Finally, many HICs do not include all of the notices required by law. These notices relate to: (1) commercial general liability insurance; (2) workers’ compensation insurance; (3) mechanics lien; (4) Contractor State License Board (CSLB) information; and (4) the Three-Day Right to Cancel. Specific language must be used for these notices and is provided in BPC section 7159.

While it may not seem like a big deal to skip over some of these requirements, consequences for the contractor may be severe. Depending on which requirements are not met, the contractor is subject to the risk of disciplinary action by the CSLB, a void contract, and/or criminal prosecution.

BPC section 7159(a)(5) specifically states that failure to comply with that section’s requirements is cause for discipline. Thus, where the CSLB ever has reason to look at your home improvement contract, any violation is easily notable, and contractors often receive citations and incur fines as a result.

Further, by using a HIC that is not statutorily compliant, a contractor may be jeopardizing his/her/its ability to collect payment. This is because the courts have held that a contract made in violation of a regulatory statute, such as the BPC applicable to HICs, is void. (Asdourian v. Araj (1985) 38 Cal. 3d 280, 291.) Even if the HIC is void, a contractor is still entitled to the reasonable value of his/her/its work; however, this value can sometimes be difficult to prove. While some courts have indicated that there are exceptions to this general rule, it is much safer, and much less expensive to comply with HIC requirements upfront, instead of trying to convince a court that your situation should be considered an exception to the rule, or that you are entitled the reasonable value of your work, valued at the contract price.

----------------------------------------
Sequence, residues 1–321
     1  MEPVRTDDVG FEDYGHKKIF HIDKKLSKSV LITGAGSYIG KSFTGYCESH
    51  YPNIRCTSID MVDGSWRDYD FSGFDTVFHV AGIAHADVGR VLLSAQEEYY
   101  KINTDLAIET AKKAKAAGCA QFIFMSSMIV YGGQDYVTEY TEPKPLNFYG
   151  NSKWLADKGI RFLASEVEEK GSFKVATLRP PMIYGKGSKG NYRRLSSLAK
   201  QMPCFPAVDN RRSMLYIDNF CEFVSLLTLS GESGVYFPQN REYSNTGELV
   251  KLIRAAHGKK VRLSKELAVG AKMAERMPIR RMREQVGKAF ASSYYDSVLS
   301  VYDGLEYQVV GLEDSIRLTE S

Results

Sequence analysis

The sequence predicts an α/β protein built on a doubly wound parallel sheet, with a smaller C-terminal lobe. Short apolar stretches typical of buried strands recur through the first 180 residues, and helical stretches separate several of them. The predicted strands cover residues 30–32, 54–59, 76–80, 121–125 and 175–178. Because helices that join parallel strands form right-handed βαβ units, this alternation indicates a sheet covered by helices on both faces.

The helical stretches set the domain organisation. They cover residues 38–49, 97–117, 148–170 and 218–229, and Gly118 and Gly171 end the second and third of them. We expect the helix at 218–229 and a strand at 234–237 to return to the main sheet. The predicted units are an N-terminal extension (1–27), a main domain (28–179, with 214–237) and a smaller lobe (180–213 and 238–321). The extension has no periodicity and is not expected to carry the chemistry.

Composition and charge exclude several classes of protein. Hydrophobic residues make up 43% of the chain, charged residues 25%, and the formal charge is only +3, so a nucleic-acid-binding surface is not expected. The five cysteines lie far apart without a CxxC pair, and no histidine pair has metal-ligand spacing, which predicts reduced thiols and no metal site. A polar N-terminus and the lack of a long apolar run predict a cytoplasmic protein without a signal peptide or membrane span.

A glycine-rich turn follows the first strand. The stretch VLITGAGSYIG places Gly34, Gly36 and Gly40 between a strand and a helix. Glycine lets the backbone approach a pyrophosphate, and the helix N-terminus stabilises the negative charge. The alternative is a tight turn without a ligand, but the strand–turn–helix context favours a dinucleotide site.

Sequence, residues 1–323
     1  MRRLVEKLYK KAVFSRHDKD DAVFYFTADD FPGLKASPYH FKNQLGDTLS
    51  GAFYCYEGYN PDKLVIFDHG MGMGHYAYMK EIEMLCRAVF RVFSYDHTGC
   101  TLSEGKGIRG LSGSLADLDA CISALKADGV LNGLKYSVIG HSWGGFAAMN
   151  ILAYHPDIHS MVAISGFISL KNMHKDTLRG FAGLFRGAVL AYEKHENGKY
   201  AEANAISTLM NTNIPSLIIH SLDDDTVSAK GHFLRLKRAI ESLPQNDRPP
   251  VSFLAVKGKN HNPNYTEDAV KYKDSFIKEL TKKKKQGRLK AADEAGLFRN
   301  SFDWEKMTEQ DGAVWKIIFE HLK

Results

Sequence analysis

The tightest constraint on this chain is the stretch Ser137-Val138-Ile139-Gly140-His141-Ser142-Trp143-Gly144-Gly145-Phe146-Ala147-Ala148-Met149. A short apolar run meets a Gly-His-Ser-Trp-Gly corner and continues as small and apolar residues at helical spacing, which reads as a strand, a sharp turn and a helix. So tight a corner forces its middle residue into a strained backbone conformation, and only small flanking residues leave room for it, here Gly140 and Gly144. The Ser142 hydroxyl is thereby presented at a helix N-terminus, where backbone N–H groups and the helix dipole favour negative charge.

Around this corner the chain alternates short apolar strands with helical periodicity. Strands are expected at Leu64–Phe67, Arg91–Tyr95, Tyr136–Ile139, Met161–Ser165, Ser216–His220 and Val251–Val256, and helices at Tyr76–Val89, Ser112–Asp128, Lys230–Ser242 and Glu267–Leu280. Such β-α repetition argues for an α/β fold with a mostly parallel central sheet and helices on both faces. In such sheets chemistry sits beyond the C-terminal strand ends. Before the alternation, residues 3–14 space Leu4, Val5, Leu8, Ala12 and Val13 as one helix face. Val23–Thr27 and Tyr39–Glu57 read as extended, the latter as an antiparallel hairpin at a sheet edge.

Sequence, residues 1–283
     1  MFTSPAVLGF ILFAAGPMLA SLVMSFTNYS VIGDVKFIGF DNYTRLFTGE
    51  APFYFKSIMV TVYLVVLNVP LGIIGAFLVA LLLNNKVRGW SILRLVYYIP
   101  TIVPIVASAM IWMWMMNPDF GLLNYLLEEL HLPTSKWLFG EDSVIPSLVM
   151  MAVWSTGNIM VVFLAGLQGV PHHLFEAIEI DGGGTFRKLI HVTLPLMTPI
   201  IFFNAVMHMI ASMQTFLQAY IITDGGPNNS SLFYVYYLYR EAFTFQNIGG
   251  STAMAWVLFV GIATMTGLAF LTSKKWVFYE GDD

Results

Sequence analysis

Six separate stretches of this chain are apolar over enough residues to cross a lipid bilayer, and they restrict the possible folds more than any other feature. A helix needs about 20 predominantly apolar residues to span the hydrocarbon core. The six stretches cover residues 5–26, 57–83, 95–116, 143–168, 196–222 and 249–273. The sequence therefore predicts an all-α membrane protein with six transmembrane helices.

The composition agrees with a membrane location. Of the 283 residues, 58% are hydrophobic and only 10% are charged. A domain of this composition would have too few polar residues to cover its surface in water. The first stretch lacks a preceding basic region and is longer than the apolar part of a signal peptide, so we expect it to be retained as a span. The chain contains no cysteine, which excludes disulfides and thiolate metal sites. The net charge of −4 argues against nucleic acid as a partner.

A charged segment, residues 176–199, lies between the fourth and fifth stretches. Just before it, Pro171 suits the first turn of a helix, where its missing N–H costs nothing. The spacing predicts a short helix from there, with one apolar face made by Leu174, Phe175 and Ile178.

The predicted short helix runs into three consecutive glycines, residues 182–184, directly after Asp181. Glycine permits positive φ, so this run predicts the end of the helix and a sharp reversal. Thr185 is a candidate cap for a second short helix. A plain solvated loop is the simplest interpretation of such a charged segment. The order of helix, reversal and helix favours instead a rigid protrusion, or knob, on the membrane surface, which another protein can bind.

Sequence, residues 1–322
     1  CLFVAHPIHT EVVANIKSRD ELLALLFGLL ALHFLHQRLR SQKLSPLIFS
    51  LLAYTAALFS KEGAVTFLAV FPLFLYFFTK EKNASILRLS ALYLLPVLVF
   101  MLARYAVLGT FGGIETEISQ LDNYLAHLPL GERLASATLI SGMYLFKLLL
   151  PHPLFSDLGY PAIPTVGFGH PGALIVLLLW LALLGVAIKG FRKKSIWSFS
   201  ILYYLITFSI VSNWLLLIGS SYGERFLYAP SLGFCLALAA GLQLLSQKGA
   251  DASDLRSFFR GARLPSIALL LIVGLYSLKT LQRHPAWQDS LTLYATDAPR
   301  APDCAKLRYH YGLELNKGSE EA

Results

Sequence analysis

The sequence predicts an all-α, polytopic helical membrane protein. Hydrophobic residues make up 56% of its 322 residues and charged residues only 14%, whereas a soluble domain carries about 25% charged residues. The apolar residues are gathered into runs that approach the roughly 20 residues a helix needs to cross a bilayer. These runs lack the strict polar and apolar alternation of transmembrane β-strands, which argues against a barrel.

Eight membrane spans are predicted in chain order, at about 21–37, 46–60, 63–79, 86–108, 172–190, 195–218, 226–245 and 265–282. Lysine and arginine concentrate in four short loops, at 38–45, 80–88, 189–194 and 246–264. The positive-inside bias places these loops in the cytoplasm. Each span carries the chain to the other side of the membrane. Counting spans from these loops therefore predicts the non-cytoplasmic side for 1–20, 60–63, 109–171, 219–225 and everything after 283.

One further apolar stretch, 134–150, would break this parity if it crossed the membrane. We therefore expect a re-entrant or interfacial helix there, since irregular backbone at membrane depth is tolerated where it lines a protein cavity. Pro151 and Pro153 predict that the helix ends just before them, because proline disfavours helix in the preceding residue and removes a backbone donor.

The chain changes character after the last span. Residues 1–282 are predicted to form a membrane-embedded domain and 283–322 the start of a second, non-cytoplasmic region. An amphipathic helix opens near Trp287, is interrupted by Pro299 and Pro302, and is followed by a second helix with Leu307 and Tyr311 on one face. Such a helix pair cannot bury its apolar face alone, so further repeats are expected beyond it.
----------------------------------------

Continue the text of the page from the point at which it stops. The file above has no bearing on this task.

Finally, certain violations will subject the contractor to criminal prosecution for a misdemeanor resulting in a fine not less than $100 nor more than $5,000, and/or jail time up to one year. The violations considered a criminal misdemeanor include: (1) the contract not being in writing and not including the agreed contract amount in dollars and cents; (2) charging a homeowner a down payment greater than 10% of the total contract price or $1,000, whichever is less; and (3) requesting or accepting payment exceeding the value of the work performed, or materials delivered, to date. While these last two have less to do with the HIC itself, they are reminders that the Down Payment and Schedule of Progress Payments sections of the HIC should be properly included and completed.

The current law has not made it easy for contractors to comply with the statutory HIC requirements. Not only are numerous formatting and form specifications required, but there are also content specifications, that make it impossible to have a fully compliant HIC less than six pages long. Even though it may be time consuming to ensure that your HIC is compliant with the current California laws, and result in a contract lengthier than you may want, it is worth ensuring that the statutory requirements are met to avoid the severe consequences that are possible, both civilly and criminally, for noncompliance.

Remember, there are many other statutory requirements that exist. If you need help drafting a HIC that implements all requirements, or ensuring that your current HIC is compliant, it is advisable that you consult with an experienced attorney. Although many contractors use HICs that are not in compliance, to continue to do so places the contractor and his/her/its license at risk.

Article by Hannah C. Kreuser, Esq. in 2019. Ms. Kreuser is part of Porter Law Group, Inc. in Sacramento, California.